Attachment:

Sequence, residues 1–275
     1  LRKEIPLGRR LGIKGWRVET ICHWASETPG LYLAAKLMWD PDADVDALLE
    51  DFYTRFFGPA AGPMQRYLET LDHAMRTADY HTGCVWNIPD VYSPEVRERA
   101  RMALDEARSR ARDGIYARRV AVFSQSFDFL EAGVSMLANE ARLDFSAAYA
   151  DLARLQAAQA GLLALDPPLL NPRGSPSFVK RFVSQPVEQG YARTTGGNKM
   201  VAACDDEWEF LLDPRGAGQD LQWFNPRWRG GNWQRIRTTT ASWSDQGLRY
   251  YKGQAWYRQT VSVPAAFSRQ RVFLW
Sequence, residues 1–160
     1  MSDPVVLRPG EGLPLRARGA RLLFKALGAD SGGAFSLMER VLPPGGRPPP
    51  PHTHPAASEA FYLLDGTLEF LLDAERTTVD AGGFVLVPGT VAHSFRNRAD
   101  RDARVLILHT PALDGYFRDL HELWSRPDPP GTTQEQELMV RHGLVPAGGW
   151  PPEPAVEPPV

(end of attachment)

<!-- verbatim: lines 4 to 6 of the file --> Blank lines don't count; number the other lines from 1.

   101  RMALDEARSR ARDGIYARRV AVFSQSFDFL EAGVSMLANE ARLDFSAAYA
   151  DLARLQAAQA GLLALDPPLL NPRGSPSFVK RFVSQPVEQG YARTTGGNKM
   201  VAACDDEWEF LLDPRGAGQD LQWFNPRWRG GNWQRIRTTT ASWSDQGLRY